By Sam Yee
On Thursday December 7th, the Lisgar Varsity Girls’ Hockey team attended the grand opening of the Canada 150 skating rink on Parliament Hill.
Among the list of speakers during the opening ceremony were Mélanie Joly, Minister of Canadian Heritage; Kent Hehr, Minister of Sport and Persons with Disabilities; Eugene Melnyk, Owner of the Ottawa Senators; First Nations and Inuit leaders, including Grand Chief Verna Polson of the Algonquin Anishinaabeg Nation Tribal Council, Algonquin Chief Jean-Guy Whiteduck of the Kitigan Zibi Anishinaabeg of Quebec, and Natan Obed, President of the Inuit Tapiriit Kanatami; and two Inuit throat singers.
After Elder Commanda blessed the rink, the team participated in the first skate ever on Parliament Hill while listening to the Tragically Hip on loudspeakers.
As Amy Falkner, left-winger on the girls’ hockey team, put it, “There’s nothing more Canadian than that!”
That several Indigenous people were invited to speak at the opening of a “Canada 150 Rink” (built on unceded, unsurrendered Algonquin territory, no less), can be seen as somewhat ironic after all the controversy this past year over Canada 150 being “a celebration of Indigenous genocide.” However, the rink was wholeheartedly welcomed by the Anishinaabeg people, as displayed by Elder Claudette Commanda’s blessing during the opening ceremony.
On the other hand, as you may have heard, this rink will cost the Government of Canada $7 million in taxpayers’ money to maintain from Dec. 7 to Feb. 28. Unsurprisingly, the project has met with significant opposition from those who feel that other causes are more worthy of that kind of funding, but
Emika Morris, co-captain of the girls’ hockey team, when asked if she thought this rink was a waste of money said, “a lot of the money could have been spent elsewhere, but since it’s being donated to a community afterwards, it seems like less of a waste. Seven million is still a lot of money though.”
That $7 million could have gone towards some of the most pressing issues in our country today, like providing better support, resources, and education for Indigenous communities in Canada. But instead, it was used to build a skating rink in an effort to extend the Canada 150 celebrations that for most people, lost their meaning after July 1st, or which for many Indigenous people, had never carried any positive meaning. Why, I wondered, did we bother coming to the opening of a “Canada 150 Rink”?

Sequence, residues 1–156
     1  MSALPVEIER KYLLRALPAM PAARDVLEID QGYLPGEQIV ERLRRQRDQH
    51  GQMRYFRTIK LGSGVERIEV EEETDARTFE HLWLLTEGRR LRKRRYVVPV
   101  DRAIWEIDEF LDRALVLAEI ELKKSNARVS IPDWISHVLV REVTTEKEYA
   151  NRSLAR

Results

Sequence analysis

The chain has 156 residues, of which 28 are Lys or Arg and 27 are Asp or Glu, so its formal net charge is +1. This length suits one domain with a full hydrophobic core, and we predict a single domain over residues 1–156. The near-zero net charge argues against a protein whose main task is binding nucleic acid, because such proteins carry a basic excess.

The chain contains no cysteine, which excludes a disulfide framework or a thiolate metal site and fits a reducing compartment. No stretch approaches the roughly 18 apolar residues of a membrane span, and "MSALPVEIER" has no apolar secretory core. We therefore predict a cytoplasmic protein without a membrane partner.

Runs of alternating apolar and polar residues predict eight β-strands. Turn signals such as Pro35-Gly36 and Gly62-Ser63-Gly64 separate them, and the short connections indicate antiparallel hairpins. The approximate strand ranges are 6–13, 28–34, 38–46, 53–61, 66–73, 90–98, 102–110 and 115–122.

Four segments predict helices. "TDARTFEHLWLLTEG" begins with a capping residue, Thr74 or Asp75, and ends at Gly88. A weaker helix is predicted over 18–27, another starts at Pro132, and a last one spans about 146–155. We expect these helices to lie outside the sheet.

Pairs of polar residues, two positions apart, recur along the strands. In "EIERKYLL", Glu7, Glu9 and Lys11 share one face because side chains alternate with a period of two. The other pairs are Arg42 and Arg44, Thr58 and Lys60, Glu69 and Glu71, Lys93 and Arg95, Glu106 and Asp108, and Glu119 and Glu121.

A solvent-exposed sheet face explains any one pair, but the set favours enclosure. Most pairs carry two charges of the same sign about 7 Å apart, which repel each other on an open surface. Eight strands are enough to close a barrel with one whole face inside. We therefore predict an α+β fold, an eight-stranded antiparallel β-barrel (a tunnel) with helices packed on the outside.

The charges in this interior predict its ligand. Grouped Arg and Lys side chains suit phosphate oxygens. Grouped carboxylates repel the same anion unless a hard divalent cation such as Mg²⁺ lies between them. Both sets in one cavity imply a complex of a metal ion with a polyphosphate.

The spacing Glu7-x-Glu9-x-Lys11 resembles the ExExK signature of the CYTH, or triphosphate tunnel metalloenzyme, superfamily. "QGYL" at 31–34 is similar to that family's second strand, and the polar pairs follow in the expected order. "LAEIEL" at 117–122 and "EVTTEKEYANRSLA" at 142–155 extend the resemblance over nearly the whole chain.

And then it hit me.
This rink is not just another celebration of Canada 150 or a sinkhole for taxpayers’ money. It’s a symbol of community.
During her opening speech, the Honourable Mélanie Joly, Minister of Canadian Heritage, spoke of how this rink will bring people together from coast to coast and all over the world to celebrate a communal love of winter pastimes, including (but not limited to) hockey and ice skating.
Whether one identifies as Canadian, First Nations, Métis, Inuit, or another nationality, anyone can come to this rink to spend time with others who share a common interest. Internationally, nationally, and even locally – right here at Lisgar, this idea holds true.
The camaraderie on the girls’ hockey team that has been developing over the course of this season is a great example of this. In spite of possessing different skill levels, or being in different grades, we all come together as a team because of a love for the game we all share. That’s what it means to be part of a team, of a community and that’s what this rink represents.
Although I’m not a huge fan of the name “Canada 150 Rink” (it doesn’t quite roll off the tongue) or the huge price tag, symbols like this rink are important cultural unifiers, as they inspire people to come together to celebrate their similarities, rather than to focus on their differences.
There are still more important causes that really would have benefited from $7 million (or a fraction of it, for that matter), but all things considered, the Canada 150 Rink ultimately fulfills its purpose of celebrating our nation’s culture while teaching us the true value of community and sport.